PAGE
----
Many of the courses offered are technical, but some – such as the four week advanced project management course – are not heavily technical but based around skills such as extrapolating information from subject matter experts and understanding people’s skillsets, wrapping them together into well delivered projects. Though there are a great many highly technical servicemen and women, as Sharman explains it’s often the softer skills that they particularly excel at.
‘IT is a science, but it’s also an art,’ he says. ‘There’s a misconception that people coming out of the forces can’t task people without shouting and screaming, but actually as time has gone on and it’s got so much more technical at every level, you need a much more inclusive way of dealing with people, communication skills and stakeholder engagement. You have the subject matter experts the same as you do in the corporate world, and whatever rank you’re at you have to rely on those people to be able to provide that information to you. It all ties into the team dynamic.’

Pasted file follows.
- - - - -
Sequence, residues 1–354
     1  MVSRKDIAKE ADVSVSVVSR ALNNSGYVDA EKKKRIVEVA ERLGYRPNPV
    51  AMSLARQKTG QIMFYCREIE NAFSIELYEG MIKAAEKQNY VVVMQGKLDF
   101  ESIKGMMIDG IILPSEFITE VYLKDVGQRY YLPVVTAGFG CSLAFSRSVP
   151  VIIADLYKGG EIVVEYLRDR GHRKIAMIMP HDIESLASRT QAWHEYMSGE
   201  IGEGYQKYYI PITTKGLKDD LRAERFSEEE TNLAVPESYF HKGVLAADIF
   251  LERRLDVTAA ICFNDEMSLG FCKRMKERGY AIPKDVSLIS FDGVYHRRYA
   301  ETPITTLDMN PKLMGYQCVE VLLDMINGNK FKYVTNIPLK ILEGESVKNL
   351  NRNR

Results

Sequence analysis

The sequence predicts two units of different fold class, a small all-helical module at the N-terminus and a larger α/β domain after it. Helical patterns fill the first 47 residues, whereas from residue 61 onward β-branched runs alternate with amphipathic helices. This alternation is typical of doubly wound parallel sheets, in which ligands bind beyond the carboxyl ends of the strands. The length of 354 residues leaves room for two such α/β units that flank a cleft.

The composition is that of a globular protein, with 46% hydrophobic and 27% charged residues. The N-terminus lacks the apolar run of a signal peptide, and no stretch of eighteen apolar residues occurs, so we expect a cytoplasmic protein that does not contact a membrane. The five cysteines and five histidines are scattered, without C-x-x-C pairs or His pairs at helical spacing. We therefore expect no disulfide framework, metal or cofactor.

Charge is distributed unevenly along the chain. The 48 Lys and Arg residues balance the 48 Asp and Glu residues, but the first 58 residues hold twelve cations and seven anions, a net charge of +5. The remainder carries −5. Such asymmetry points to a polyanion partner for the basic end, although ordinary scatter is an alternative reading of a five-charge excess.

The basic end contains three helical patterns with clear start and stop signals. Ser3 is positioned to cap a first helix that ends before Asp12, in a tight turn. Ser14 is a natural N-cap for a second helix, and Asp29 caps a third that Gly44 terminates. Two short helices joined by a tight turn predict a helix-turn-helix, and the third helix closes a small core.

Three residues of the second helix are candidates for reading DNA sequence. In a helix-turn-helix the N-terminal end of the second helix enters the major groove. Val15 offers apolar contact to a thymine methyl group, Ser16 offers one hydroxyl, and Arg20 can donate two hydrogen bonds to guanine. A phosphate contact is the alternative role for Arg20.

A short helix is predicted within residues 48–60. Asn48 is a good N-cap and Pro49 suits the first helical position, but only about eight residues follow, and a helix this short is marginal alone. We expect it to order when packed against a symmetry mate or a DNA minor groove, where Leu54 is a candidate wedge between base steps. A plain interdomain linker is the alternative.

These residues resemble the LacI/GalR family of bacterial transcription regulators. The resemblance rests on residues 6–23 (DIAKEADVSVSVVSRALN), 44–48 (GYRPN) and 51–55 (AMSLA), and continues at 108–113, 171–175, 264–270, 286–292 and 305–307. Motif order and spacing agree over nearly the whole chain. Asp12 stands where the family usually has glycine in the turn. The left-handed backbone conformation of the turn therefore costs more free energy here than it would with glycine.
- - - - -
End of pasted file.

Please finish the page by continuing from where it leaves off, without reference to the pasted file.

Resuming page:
‘Forces personnel are also used to moving every couple of years from job to job, and because of this they tend to be adaptable quick thinkers, able to quickly assess the strengths and weaknesses of a new team around them and make decisions.’
So far 75 ex-personnel have been placed through FDM’s programme, ranging from a Tibetan Gherka who joined the British Army as a private and has now been in software testing for FDM for the past year, to a Lieutenant Colonel, having been in the army for 32 years, now heading up the release management process of a major global bank.
There are a whole raft of companies now offering programmes similar to FDM’s, but Sharman argues that more needs to be done to tap the IT talent from across all ranks and backgrounds.
‘Lots of companies have plaudits for having ex-forces hiring campaigns on their literature, but if you asked them how many people do you actually employ in your company, it turns out to be not that many,’ he says. ‘And when they do, it tends to be the young guys, people who already have a degree before joining the army, with the likes of Deloittes and McKensies snapping them up. But there’s a whole range of bright, intelligent people with great skillsets that are going unnoticed.&rsquo.